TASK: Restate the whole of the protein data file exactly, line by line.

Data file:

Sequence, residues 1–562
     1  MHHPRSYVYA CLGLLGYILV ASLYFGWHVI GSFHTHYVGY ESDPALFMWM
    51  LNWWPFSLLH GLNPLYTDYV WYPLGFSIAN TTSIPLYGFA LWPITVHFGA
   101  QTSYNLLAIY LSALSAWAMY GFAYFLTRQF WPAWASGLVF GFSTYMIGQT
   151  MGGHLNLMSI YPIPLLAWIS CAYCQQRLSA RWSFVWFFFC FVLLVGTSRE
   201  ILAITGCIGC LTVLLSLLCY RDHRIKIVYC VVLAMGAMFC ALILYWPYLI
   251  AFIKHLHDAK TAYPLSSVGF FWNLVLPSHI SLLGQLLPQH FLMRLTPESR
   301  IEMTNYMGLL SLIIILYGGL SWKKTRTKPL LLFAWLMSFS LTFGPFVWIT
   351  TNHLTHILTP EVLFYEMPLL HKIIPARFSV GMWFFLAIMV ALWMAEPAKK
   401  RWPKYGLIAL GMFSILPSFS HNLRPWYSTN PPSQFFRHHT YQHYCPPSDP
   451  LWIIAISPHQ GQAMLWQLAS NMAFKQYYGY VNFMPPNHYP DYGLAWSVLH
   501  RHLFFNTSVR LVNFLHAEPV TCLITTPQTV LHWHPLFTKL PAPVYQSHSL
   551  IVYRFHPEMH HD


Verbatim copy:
Sequence, residues 1–562
     1  MHHPRSYVYA CLGLLGYILV ASLYFGWHVI GSFHTHYVGY ESDPALFMWM
    51  LNWWPFSLLH GLNPLYTDYV WYPLGFSIAN TTSIPLYGFA LWPITVHFGA
   101  QTSYNLLAIY LSALSAWAMY GFAYFLTRQF WPAWASGLVF GFSTYMIGQT
   151  MGGHLNLMSI YPIPLLAWIS CAYCQQRLSA RWSFVWFFFC FVLLVGTSRE
   201  ILAITGCIGC LTVLLSLLCY RDHRIKIVYC VVLAMGAMFC ALILYWPYLI
   251  AFIKHLHDAK TAYPLSSVGF FWNLVLPSHI SLLGQLLPQH FLMRLTPESR
   301  IEMTNYMGLL SLIIILYGGL SWKKTRTKPL LLFAWLMSFS LTFGPFVWIT
   351  TNHLTHILTP EVLFYEMPLL HKIIPARFSV GMWFFLAIMV ALWMAEPAKK
   401  RWPKYGLIAL GMFSILPSFS HNLRPWYSTN PPSQFFRHHT YQHYCPPSDP
   451  LWIIAISPHQ GQAMLWQLAS NMAFKQYYGY VNFMPPNHYP DYGLAWSVLH
   501  RHLFFNTSVR LVNFLHAEPV TCLITTPQTV LHWHPLFTKL PAPVYQSHSL
   551  IVYRFHPEMH HD